The secret to satisfaction has nothing to do with achievement, money, or stuff.

The secret to satisfaction has nothing to do with achievement, money, or stuff.

via the Atlantic by Arthur C Brooks

I glanced into my teenage daughter’s bedroom one spring afternoon last year, expecting to find her staring absentmindedly at the Zoom screen that passed for high school during the pandemic. Instead, she was laughing uproariously at a video she had found. I asked her what she was looking at. “It’s an old man dancing like a chicken and singing,” she told me.

I came over to her laptop, not being above watching someone making an idiot of himself for 15 seconds of social-media fame. What I found instead was the septuagenarian rock star Mick Jagger, in a fairly recent concert, croaking out the Rolling Stones’ megahit “(I Can’t Get No) Satisfaction”—a song that debuted on the charts when I was a year old—for probably the millionth time. An audience of tens of thousands of what looked to be mostly Baby Boomers and Gen Xers sang along rapturously.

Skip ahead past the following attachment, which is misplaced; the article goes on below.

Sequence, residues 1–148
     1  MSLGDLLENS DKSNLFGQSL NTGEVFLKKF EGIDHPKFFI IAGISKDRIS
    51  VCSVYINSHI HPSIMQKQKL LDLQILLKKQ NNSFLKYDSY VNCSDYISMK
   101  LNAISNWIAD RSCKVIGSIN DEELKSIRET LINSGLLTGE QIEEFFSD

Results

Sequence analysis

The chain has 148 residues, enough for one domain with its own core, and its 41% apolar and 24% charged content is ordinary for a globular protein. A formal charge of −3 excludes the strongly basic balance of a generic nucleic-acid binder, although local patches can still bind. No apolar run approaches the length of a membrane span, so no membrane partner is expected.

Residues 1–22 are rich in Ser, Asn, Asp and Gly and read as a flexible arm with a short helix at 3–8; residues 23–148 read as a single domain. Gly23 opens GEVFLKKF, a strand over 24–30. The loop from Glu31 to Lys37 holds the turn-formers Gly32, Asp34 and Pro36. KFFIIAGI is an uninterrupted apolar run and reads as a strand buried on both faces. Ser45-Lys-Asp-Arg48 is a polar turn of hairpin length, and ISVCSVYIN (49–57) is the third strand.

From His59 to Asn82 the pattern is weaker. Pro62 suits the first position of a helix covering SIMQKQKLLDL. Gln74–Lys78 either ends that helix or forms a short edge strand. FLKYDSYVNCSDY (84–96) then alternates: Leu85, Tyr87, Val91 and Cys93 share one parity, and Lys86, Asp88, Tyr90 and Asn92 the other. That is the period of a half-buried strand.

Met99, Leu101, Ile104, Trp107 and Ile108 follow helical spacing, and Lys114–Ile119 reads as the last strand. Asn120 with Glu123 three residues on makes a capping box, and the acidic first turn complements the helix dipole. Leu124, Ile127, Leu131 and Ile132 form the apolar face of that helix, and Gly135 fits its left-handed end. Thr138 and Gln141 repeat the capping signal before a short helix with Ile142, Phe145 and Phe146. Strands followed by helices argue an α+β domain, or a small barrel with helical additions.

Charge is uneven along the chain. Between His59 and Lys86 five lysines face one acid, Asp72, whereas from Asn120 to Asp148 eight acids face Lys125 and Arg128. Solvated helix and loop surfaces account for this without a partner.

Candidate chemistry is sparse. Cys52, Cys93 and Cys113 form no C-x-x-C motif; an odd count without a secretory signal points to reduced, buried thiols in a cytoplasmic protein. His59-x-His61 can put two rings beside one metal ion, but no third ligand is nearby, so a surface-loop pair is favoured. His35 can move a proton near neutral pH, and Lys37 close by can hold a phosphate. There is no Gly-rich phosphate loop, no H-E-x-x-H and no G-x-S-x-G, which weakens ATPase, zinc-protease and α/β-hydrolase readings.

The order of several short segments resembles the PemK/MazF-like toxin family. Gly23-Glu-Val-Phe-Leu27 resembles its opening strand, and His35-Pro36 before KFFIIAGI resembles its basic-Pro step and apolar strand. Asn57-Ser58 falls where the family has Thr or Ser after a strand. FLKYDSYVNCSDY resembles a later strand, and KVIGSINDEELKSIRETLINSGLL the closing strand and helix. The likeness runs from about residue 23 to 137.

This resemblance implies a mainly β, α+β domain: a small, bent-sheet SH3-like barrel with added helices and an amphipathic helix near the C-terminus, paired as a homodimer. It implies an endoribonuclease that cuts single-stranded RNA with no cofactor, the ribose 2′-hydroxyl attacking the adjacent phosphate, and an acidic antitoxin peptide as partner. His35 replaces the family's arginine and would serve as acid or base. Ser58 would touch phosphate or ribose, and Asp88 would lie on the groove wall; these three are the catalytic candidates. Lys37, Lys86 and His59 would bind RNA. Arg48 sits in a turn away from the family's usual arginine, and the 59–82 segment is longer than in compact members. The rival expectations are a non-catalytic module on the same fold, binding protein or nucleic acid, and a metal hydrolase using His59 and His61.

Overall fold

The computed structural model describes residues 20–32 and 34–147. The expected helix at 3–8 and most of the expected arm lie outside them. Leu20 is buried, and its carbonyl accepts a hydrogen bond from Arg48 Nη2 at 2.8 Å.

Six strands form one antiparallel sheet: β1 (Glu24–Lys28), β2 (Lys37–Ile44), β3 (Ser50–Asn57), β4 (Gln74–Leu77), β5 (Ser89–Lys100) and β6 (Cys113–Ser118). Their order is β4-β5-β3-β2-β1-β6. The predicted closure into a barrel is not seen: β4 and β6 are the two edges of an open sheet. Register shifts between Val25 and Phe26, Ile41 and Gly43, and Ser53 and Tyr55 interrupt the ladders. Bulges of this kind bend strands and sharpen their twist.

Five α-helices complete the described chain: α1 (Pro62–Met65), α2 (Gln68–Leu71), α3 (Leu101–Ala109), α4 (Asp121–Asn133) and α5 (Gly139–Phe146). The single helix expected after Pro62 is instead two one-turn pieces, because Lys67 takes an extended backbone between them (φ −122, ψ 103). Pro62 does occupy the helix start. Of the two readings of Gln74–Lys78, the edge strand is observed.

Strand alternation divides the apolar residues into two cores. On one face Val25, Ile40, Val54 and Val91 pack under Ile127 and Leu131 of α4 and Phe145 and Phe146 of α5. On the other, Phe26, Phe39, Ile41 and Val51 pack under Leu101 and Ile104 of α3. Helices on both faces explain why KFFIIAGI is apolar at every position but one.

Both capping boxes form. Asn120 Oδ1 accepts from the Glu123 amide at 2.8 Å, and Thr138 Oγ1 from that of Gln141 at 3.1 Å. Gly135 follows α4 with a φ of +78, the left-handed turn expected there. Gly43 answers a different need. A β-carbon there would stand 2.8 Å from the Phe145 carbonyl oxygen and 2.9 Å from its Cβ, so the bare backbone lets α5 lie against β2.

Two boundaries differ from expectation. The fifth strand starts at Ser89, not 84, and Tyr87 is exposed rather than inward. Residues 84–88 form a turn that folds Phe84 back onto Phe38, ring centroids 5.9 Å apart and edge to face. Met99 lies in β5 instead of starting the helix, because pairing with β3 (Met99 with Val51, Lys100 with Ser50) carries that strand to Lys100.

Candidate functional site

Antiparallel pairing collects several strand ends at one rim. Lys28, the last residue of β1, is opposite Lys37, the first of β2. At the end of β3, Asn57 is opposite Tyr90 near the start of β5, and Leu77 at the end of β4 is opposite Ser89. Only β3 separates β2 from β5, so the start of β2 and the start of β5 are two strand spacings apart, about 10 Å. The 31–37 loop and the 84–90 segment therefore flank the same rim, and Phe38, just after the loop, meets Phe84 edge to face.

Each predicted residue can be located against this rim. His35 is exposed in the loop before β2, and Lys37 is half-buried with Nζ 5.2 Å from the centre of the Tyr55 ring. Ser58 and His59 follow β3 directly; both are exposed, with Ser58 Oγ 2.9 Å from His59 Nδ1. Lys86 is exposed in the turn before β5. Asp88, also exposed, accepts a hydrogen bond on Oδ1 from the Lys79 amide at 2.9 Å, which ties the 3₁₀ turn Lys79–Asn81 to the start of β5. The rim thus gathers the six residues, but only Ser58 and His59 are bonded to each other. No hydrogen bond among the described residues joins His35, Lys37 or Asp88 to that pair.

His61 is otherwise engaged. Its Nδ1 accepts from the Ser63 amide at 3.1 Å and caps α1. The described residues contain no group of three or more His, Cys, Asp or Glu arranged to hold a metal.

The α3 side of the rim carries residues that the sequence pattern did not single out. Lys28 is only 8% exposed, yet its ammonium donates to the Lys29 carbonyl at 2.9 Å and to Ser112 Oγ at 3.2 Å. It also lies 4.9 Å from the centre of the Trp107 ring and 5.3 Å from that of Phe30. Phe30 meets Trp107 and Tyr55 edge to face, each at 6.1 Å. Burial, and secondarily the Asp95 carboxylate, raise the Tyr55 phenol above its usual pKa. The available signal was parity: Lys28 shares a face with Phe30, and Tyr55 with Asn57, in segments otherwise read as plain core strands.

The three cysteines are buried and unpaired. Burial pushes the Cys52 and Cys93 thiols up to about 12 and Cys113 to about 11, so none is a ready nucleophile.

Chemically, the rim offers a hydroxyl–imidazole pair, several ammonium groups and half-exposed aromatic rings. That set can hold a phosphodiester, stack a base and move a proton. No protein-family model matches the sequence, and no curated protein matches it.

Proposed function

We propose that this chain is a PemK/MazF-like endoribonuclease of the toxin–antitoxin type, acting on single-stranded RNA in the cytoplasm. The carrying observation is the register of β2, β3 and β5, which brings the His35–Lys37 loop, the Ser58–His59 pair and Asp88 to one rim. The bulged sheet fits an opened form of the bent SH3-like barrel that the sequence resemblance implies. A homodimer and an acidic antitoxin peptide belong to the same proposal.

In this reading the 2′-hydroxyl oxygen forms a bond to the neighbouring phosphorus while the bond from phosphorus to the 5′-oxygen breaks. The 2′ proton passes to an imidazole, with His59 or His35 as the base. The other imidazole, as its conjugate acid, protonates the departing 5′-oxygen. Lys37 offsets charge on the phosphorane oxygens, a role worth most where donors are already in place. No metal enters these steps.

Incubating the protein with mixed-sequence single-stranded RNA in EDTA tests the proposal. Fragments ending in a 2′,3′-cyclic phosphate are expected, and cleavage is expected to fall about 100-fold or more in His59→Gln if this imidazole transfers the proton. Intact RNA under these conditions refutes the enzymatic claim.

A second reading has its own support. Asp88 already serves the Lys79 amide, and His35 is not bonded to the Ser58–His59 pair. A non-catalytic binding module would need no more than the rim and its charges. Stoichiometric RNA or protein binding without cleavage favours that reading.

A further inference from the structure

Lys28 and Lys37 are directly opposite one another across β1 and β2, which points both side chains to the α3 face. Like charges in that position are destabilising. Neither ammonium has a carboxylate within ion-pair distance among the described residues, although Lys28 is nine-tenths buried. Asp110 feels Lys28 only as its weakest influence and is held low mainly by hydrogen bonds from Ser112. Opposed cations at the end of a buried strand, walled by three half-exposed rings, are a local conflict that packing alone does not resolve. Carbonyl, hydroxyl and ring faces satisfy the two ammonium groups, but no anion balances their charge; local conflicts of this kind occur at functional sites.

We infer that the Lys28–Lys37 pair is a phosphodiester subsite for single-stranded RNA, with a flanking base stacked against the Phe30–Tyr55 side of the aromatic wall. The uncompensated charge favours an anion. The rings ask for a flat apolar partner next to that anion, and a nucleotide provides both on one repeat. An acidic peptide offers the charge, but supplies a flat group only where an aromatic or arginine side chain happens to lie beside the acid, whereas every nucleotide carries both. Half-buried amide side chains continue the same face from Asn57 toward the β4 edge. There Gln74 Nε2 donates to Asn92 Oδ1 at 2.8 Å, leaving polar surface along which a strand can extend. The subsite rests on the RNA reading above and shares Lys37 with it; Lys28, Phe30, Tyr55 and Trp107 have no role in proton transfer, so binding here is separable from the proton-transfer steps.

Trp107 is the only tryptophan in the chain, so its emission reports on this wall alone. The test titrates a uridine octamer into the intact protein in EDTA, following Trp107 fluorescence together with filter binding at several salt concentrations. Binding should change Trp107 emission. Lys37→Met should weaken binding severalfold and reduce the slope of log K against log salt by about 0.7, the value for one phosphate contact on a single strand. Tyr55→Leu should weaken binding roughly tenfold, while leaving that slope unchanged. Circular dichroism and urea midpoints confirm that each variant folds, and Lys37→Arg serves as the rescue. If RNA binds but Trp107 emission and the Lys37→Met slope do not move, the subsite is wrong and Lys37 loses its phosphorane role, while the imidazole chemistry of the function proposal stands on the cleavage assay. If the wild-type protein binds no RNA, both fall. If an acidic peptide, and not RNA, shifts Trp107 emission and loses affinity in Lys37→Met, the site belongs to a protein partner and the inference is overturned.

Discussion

“Is this serious?” she asked. “Do people your age actually like this?” I took umbrage, but had to admit it was a legitimate question. “Kind of,” I answered. It wasn’t just the music, or even the performance, I assured her. To my mind, the longevity of that particular song—No. 2 on Rolling Stone magazine’s original list of the “500 Greatest Songs of All Time”—has a lot to do with a deep truth it speaks.

As we wind our way through life, I explained, satisfaction—the joy from fulfillment of our wishes or expectations—is evanescent. No matter what we achieve, see, acquire, or do, it seems to slip from our grasp.

I was on a roll now. Satisfaction, I told my daughter, is the greatest paradox of human life. We crave it, we believe we can get it, we glimpse it and maybe even experience it for a brief moment, and then it vanishes. But we never give up on our quest to get and hold on to it. “I try, and I try, and I try, and I try,” Jagger sings. How? Through sex and consumerism, according to the song. By building a life that is ever more baroque, expensive, and laden with crap.

“You’ll see,” I told her…

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